Music since 1907, Minnesota veterans have been afforded preference by law in public employment. Let's take a look at administering veterans preference in local government. Qualified veterans have many preferences under the law and, as such, must be afforded certain benefits from the date of hire. So why give veterans preference? To facilitate the transition of veterans from the military to civilian life and to help compensate veterans for their sacrifices, including their sacrifices of health and time to the community, state, and nation. For public employers, the Minnesota Veterans Preference Act (VPA) grants preference and protection to qualified veterans in two ways. First, in hiring preference, and second, in removal only for incompetency or misconduct. We'll explore each in more detail. The Minnesota Veterans Preference Act grants most veterans a limited preference over non-veterans in hiring and promotion for most positions in public agencies. Veterans applying for an open competitive position with a Minnesota County, City, School District, or other political subdivision who receive a passing rating may choose to receive a credit of 10 extra points. Veterans with a service-connected disability who receive a passing rating may choose to receive a credit of 15 extra points. Spouses of deceased veterans or disabled veterans who cannot qualify because of their disability may also choose to receive extra points. Once minimum qualifications are met, disabled veterans are ranked ahead of veterans, who are ranked ahead of non-veterans for Minnesota state and local government positions. No veteran who has completed an initial hiring probationary period shall be removed from the position or employment except for incompetency or misconduct. Removal requires a hearing and due notice in writing. A veteran facing removal must choose either a veteran's preference hearing or the collective bargaining grievance procedure, but not both. So who is a veteran for purposes of...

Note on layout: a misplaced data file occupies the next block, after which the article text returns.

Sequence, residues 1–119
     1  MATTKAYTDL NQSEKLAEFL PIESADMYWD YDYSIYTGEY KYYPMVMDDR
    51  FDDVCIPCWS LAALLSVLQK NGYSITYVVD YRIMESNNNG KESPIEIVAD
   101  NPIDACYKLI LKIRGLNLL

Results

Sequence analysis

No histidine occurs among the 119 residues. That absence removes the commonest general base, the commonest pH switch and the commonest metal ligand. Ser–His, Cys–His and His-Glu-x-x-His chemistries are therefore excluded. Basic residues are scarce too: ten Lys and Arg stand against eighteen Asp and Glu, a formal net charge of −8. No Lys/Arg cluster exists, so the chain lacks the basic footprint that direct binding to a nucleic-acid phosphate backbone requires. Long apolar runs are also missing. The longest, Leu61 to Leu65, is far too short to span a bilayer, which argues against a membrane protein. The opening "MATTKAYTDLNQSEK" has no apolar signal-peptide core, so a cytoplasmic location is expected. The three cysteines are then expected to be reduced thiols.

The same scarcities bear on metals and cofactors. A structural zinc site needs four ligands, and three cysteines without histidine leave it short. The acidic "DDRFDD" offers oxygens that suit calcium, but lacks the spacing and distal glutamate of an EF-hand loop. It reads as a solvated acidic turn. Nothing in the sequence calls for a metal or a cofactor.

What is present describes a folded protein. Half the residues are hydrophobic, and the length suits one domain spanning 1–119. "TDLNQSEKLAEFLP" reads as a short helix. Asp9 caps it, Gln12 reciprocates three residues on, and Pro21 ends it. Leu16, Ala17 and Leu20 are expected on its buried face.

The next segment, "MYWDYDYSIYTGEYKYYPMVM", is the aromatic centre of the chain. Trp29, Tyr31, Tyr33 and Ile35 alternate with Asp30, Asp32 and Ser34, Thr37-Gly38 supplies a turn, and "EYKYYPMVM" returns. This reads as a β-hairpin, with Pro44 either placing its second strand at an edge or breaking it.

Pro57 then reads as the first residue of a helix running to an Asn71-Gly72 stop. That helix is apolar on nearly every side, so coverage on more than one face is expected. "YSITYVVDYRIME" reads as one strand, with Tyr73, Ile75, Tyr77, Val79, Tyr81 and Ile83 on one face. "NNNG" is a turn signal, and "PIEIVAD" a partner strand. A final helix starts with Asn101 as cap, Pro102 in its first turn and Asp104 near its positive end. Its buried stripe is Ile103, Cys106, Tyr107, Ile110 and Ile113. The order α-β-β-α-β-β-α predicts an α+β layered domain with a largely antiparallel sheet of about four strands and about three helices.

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Veterans preference eligibility calculator Form: What You Should Know
Submit evidence that you were discharged from active duty and/or received a Purple Heart, combat-related disabilities, or a service-connected disability. You must document on each SF 50, Notification of Personnel Action, the qualifying conditions that were the reason you were discharged or receive a Purple Heart, or service-connected disabilities. This is one of the most important requirements to qualify for veterans' preference. If you are discharged with one of these disabilities, you can use preference for that disability until you are medically discharged or leave the military, but you will NOT be eligible to apply for a Purple Heart, and you and any surviving spouse or dependent will not be eligible to receive any military retirement or survivor benefits before you are medically discharged. Once you are medically discharged or discharged from active duty, there are no further eligibility requirements for you to submit further documentation to be considered. For a Purple Heart for Purple Heart Benefits, you must be at least 60 years of age and not have a service connected disability or other health condition or be a veteran of the Armed Forces of the United States. If you meet either one of these requirements, you may use the Purple Heart preference if you apply for it. Policy, Data, Oversight— OPM To qualify as Policy, Data, or Oversight veterans' preference, veterans must submit one of three types of documentation to OPM: A veteran who, at the time of the service connection/discharge, was in the Armed Forces of the United States on active duty or was a veteran on the date of discharge and in one of the following: A member of the Armed Forces of the United States on active duty in support of a contingency operation. A member of the Armed Forces of the United States who was discharged on account of a service connected disability. A member of the Armed Forces of the United States who was called into active duty as a result of a temporary mobilization for national defense. Submit one of these documents to verify that you were on active duty or was a veteran on the date of discharge: DD 214 (National Archives) Statement of Active Duty Service — National Military Records; Military Personnel File; Combat Control and Reporting System; National Personnel Records Center. Do not send any other documentation. Submit only the veteran's date of discharge. DD214 (National Records) — Statement of Active Duty Service from National Archives. Military Personnel File — Statement of Active-Duty Military Service (includes all dates) Military Personnel File, Defense Data Network.
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